Did you know that when you travel for Medical Staffing Solutions, A TotalMed Company, you can bring your pets with you? The Humane Society of the United States has some great tips on traveling with pets!
If you are traveling by car…
Dogs should not roam in the car
The safest way for your dog to travel in the car is in a crate that has been anchored to the vehicle using a seat belt or other secure means. Dog restraints or seat belts are useful for preventing your dog from roaming around the car and being a distraction to the driver, but they haven’t been reliably shown to protect dogs during a crash.
Most cats aren’t comfortable traveling in cars, so for their safety as well as yours, keep them in a carrier. It’s important to restrain these carriers in the car so that they don’t bounce around and hurt your cat. Do this by securing a seat belt around the front of the carrier.
Leave the front seat for humans
Keep your pet in the back seat of the car. If an airbag deploys while your pet is in the passenger seat (even in a crate), it might injure your pet.
Dogs and cats should always be kept safely inside the car. Pets who are allowed to stick their heads out the window can be injured by particles of debris or made sick by having cold air forced into their lungs. Never transport a pet in the back of an open pickup truck.
Give your pet plenty of rest stops
Stop frequently to allow your pet to exercise and eliminate. But never permit your pet to leave the car without a collar
, ID tag and leash.
Whenever possible, share the driving and pet care-taking duties with a friend or family member. You’ll be able to get food or use the facilities at rest stops knowing that someone you trust is keeping a close eye on your pets.
Don’t ever leave your pet alone in the car
A quick pit stop may feel like no time at all to you, but it’s too long to leave your pet alone in a car. Heat is a serious hazard: when it’s 72 degrees Fahrenheit outside, the temperature inside your car can heat up to 116 degrees within an hour. On an 85-degree day, even with the windows slightly open, the temperature inside your car can reach 102 degrees in just 10 minutes. Even if you’re certain of your timing, you can get held up — in just 30 minutes, you could return to a 120 degree car and a pet suffering irreversible organ damage or death.
If you are traveling by airplane…
Air travel can be risky for pets
We recommend that you weigh all the risks when deciding whether to transport your pet by airplane. Air travel can be particularly dangerous for animals with “pushed in” faces (the medical term is “brachycephalic”), such as bulldogs, pugs and Persian cats. Their short nasal passages leave them especially vulnerable to oxygen deprivation and heat stroke.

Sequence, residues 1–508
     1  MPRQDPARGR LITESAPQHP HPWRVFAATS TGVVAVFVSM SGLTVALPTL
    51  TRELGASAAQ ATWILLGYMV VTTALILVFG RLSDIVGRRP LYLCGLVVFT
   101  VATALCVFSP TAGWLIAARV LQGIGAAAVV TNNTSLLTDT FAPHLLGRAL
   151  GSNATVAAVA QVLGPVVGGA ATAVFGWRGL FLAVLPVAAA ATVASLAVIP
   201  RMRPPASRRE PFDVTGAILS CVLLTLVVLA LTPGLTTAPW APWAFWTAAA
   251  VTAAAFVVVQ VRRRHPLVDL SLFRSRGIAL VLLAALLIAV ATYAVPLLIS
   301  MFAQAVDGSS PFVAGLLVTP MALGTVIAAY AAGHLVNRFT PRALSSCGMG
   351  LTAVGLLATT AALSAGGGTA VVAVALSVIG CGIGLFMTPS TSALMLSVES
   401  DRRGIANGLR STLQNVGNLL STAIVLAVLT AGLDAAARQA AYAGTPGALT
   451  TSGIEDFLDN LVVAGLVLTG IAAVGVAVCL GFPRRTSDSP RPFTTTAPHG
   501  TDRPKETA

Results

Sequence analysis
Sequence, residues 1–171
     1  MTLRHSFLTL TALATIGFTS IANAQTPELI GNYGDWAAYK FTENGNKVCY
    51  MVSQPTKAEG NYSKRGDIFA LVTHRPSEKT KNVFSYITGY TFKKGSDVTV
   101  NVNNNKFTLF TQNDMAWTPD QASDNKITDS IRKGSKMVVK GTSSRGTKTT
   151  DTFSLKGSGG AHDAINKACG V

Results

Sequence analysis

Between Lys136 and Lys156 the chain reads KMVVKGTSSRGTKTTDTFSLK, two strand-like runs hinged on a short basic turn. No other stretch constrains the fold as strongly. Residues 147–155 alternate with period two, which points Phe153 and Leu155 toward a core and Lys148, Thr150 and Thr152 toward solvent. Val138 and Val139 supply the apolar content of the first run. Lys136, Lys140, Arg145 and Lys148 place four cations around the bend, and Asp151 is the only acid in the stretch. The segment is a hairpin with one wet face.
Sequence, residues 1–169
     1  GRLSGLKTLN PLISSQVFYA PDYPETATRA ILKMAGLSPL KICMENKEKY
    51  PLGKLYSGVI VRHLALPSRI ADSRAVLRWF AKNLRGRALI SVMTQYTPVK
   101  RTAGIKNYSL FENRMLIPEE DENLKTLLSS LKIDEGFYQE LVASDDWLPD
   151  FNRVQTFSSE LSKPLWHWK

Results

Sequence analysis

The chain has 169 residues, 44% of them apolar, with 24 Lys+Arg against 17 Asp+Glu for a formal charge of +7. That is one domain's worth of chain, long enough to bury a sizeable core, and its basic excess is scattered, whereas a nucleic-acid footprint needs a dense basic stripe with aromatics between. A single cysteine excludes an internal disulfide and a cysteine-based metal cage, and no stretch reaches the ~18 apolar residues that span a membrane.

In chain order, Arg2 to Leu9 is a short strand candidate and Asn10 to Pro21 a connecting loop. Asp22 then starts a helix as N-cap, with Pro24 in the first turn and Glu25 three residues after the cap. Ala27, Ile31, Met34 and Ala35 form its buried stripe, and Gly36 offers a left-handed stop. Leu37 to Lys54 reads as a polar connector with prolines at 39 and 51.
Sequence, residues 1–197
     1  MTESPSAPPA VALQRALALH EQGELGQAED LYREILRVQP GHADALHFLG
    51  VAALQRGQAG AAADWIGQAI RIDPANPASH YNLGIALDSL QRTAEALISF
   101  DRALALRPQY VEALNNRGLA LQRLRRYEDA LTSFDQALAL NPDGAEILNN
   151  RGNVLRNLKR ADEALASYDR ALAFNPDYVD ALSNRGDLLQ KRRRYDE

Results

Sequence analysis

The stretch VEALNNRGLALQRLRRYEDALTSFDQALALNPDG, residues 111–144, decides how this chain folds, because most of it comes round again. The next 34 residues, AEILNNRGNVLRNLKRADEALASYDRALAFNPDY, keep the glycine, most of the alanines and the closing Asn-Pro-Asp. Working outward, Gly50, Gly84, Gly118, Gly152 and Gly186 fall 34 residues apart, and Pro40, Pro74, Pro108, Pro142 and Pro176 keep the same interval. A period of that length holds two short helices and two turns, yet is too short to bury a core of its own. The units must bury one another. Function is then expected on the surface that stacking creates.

Consider all the alternatives to flying. If you plan to bring your pet on vacation, driving is usually a better option. If you can’t travel by car, your pet will probably be healthier and happier if you leave them behind under the care of a pet sitter or boarding kennel. But there are times when that won’t be possible and you’ll have to determine whether the benefits of flying outweigh the risks.
If you decide to fly with your pet, choose the cabin when possible
If transporting your pet by air is the only option, find out whether they can travel in the cabin with you. Most airlines will allow you to take a cat or small dog in the cabin for an additional fee. But you must call the airline well in advance; there are limits to the number of animals allowed in the cabin. If you are transporting your dog, make sure they meet the size requirements. If you get overwhelmed by all the regulations, there are companies that can help you navigate through the process of flying with a pet.
If your pet is flying the cabin, ask these questions
When you contact the airline, be sure to get clear answers to these questions:
- Will the airline allow you to take your cat or small dog in the cabin with you?
- Does the airline have any special pet health and immunization requirements?
- Does the airline require a specific type of carrier? Most airlines will accept either hard-sided carriers or soft-sided carriers (which may be more comfortable for your pet), but only certain brands of soft-sided carriers are acceptable to certain airlines.
- If you can’t take your pet in the cabin, does the airline have any restrictions on transporting your pet in the cargo hold?
Take precautions when bringing your pet through airport security
Your pet’s carrier will have to pass through the security screening along with you. You have two options: Either be sure your pet is securely harnessed so you can safely contain them outside their carrier while it’s being x-rayed, or request a special secondary screening that won’t require you to take them out of their carrier.
Be aware of the dangers of flying your pet in a cargo hold
While most animals flown in the cargo area of airplanes are fine, you should be aware that some animals are killed, injured or lost on commercial flights each year. Excessively hot or cold temperatures, poor ventilation and rough handling are often to blame.
Most U.S. airlines are required to report all companion animal incidents
that occur in the cargo hold, and consumers should study the performance record of any airline before choosing to fly your pet in a cargo hold.
If you are traveling by ship…
With the exception of assistance dogs, pets are welcome on only a few cruise lines—and usually on ocean crossings only. Some lines permit pets in private cabins, but most confine pets to kennels. Contact your cruise line in advance to find out its policies and which of its ships have kennel facilities. If you must use the ship’s kennel, make sure it is protected from the elements and check on your pet frequently.
If you are traveling by train…